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Serum γ-glutamyltransferase: independent predictor of risk of diabetes, hypertension, metabolic syndrome, and coronary disease.
Obesity (Silver Spring). 2012 Apr; 20(4):842-8.O

Abstract

Serum γ-glutamyltransferase (GGT) is associated with oxidative stress and hepatic steatosis. The extent to which its value in determining incident cardiometabolic risk (coronary heart disease (CHD), metabolic syndrome (MetS), hypertension and type 2 diabetes) is independent of obesity needs to be further explored in ethnicities. After appropriate exclusions, a cohort of 1,667 adults of a general population (age 52 ±11 years) was evaluated prospectively at 4 year's follow-up using partly Cox proportional hazard regressions. GGT activity was measured kinetically, and values were log-transformed for analyses. MetS was identified by Adult Treatment Panel-III criteria modified for male abdominal obesity. Median (interquartile range) GGT activity was 24.9 (17.0; 35.05) U/l in men, 17.0 (12.3; 24.0) U/l in women. In linear regression analysis, while smoking status was not associated, (male) sex, sex-dependent age, alcohol usage, BMI, fasting triglycerides and C-reactive protein (CRP) were significant independent determinants of circulating GGT. Each 1-s.d. increment in (= 0.53 ln GGT) GGT activity significantly predicted in each sex incident hypertension (hazard ratio (HR) 1.20 (95% confidence interval (CI) 1.10; 1.31)), and similarly MetS, after adjustment for age, alcohol usage, smoking status, BMI and menopause. Strongest independent association existed with diabetes (HR 1.3 (95% CI 1.1; 1.5)) whereas GGT activity tended to marginally predict CHD independent of total bilirubin but not of BMI. Higher serum total bilirubin levels were protective against CHD risk in women. We conclude that elevated serum GGT confers, additively to BMI, risk of hypertension, MetS, and type 2 diabetes but only mediates adiposity against CHD risk.

Authors+Show Affiliations

Department of Cardiology, Cerrahpaşa Medical Faculty, Istanbul University, Istanbul, Turkey. alt_onat@yahoo.com.trNo affiliation info availableNo affiliation info availableNo affiliation info availableNo affiliation info availableNo affiliation info available

Pub Type(s)

Journal Article

Language

eng

PubMed ID

21633402

Citation

Onat, Altan, et al. "Serum Γ-glutamyltransferase: Independent Predictor of Risk of Diabetes, Hypertension, Metabolic Syndrome, and Coronary Disease." Obesity (Silver Spring, Md.), vol. 20, no. 4, 2012, pp. 842-8.
Onat A, Can G, Örnek E, et al. Serum γ-glutamyltransferase: independent predictor of risk of diabetes, hypertension, metabolic syndrome, and coronary disease. Obesity (Silver Spring). 2012;20(4):842-8.
Onat, A., Can, G., Örnek, E., Çiçek, G., Ayhan, E., & Doğan, Y. (2012). Serum γ-glutamyltransferase: independent predictor of risk of diabetes, hypertension, metabolic syndrome, and coronary disease. Obesity (Silver Spring, Md.), 20(4), 842-8. https://doi.org/10.1038/oby.2011.136
Onat A, et al. Serum Γ-glutamyltransferase: Independent Predictor of Risk of Diabetes, Hypertension, Metabolic Syndrome, and Coronary Disease. Obesity (Silver Spring). 2012;20(4):842-8. PubMed PMID: 21633402.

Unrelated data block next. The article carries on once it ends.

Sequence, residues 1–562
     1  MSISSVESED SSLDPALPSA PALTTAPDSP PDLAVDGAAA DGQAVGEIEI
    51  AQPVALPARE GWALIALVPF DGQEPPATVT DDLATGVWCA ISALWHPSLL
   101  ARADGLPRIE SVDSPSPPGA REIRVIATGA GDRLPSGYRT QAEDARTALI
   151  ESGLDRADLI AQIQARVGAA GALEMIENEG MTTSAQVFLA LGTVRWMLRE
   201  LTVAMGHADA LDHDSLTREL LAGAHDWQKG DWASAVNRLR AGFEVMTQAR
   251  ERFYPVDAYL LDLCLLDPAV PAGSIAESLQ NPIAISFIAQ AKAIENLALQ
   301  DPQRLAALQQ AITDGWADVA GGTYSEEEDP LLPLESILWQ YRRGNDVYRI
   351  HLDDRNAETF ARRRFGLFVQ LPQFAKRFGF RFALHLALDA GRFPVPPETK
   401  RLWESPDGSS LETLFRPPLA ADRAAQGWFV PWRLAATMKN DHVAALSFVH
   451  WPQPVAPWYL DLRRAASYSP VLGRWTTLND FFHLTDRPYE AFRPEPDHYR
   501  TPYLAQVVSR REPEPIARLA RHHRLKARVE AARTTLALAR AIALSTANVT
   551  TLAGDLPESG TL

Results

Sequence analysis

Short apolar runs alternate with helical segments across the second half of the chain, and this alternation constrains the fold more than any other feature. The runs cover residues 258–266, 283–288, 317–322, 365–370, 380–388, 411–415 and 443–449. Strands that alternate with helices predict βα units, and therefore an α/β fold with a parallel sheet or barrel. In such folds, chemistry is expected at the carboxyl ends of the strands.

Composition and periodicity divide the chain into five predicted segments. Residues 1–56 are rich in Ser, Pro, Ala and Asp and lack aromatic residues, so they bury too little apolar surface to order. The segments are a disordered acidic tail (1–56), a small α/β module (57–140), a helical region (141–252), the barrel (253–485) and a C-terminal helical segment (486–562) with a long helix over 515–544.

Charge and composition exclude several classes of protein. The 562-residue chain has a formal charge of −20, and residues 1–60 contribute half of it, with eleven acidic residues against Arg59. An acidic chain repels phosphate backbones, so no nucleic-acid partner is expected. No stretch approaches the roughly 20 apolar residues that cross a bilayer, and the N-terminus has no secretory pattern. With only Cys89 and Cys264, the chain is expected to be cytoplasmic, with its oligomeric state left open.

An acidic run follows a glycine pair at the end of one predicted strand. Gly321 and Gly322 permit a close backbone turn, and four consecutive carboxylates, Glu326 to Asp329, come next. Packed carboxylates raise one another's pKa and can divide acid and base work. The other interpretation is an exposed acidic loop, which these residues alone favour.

* Article titles in AMA citation format should be in sentence-case
TY - JOUR T1 - Serum γ-glutamyltransferase: independent predictor of risk of diabetes, hypertension, metabolic syndrome, and coronary disease. AU - Onat,Altan, AU - Can,Günay, AU - Örnek,Ender, AU - Çiçek,Gökhan, AU - Ayhan,Erkan, AU - Doğan,Yüksel, Y1 - 2011/06/02/ PY - 2011/6/3/entrez PY - 2011/6/3/pubmed PY - 2012/7/4/medline SP - 842 EP - 8 JF - Obesity (Silver Spring, Md.) JO - Obesity (Silver Spring) VL - 20 IS - 4 N2 - Serum γ-glutamyltransferase (GGT) is associated with oxidative stress and hepatic steatosis. The extent to which its value in determining incident cardiometabolic risk (coronary heart disease (CHD), metabolic syndrome (MetS), hypertension and type 2 diabetes) is independent of obesity needs to be further explored in ethnicities. After appropriate exclusions, a cohort of 1,667 adults of a general population (age 52 ±11 years) was evaluated prospectively at 4 year's follow-up using partly Cox proportional hazard regressions. GGT activity was measured kinetically, and values were log-transformed for analyses. MetS was identified by Adult Treatment Panel-III criteria modified for male abdominal obesity. Median (interquartile range) GGT activity was 24.9 (17.0; 35.05) U/l in men, 17.0 (12.3; 24.0) U/l in women. In linear regression analysis, while smoking status was not associated, (male) sex, sex-dependent age, alcohol usage, BMI, fasting triglycerides and C-reactive protein (CRP) were significant independent determinants of circulating GGT. Each 1-s.d. increment in (= 0.53 ln GGT) GGT activity significantly predicted in each sex incident hypertension (hazard ratio (HR) 1.20 (95% confidence interval (CI) 1.10; 1.31)), and similarly MetS, after adjustment for age, alcohol usage, smoking status, BMI and menopause. Strongest independent association existed with diabetes (HR 1.3 (95% CI 1.1; 1.5)) whereas GGT activity tended to marginally predict CHD independent of total bilirubin but not of BMI. Higher serum total bilirubin levels were protective against CHD risk in women. We conclude that elevated serum GGT confers, additively to BMI, risk of hypertension, MetS, and type 2 diabetes but only mediates adiposity against CHD risk. SN - 1930-739X UR - https://www.unboundmedicine.com/medline/citation/21633402/Serum_γ_glutamyltransferase:_independent_predictor_of_risk_of_diabetes_hypertension_metabolic_syndrome_and_coronary_disease_ L2 - https://doi.org/10.1038/oby.2011.136 DB - PRIME DP - Unbound Medicine ER -